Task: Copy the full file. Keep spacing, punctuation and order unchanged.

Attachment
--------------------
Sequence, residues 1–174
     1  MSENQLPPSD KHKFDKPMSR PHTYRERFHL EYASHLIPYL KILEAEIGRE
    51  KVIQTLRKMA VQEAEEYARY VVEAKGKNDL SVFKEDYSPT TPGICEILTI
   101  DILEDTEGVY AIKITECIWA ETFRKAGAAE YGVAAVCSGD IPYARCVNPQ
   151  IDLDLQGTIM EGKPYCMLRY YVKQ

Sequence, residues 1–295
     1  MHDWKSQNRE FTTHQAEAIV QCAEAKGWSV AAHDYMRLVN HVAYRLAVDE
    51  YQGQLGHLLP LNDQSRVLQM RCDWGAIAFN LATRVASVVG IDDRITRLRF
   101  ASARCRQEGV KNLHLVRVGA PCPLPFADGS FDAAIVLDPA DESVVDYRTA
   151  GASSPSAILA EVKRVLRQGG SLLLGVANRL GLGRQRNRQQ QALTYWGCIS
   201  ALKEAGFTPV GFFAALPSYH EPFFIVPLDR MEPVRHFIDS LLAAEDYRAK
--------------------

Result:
Sequence, residues 1–174
     1  MSENQLPPSD KHKFDKPMSR PHTYRERFHL EYASHLIPYL KILEAEIGRE
    51  KVIQTLRKMA VQEAEEYARY VVEAKGKNDL SVFKEDYSPT TPGICEILTI
   101  DILEDTEGVY AIKITECIWA ETFRKAGAAE YGVAAVCSGD IPYARCVNPQ
   151  IDLDLQGTIM EGKPYCMLRY YVKQ

Sequence, residues 1–295
     1  MHDWKSQNRE FTTHQAEAIV QCAEAKGWSV AAHDYMRLVN HVAYRLAVDE
    51  YQGQLGHLLP LNDQSRVLQM RCDWGAIAFN LATRVASVVG IDDRITRLRF
   101  ASARCRQEGV KNLHLVRVGA PCPLPFADGS FDAAIVLDPA DESVVDYRTA
   151  GASSPSAILA EVKRVLRQGG SLLLGVANRL GLGRQRNRQQ QALTYWGCIS
   201  ALKEAGFTPV GFFAALPSYH EPFFIVPLDR MEPVRHFIDS LLAAEDYRAK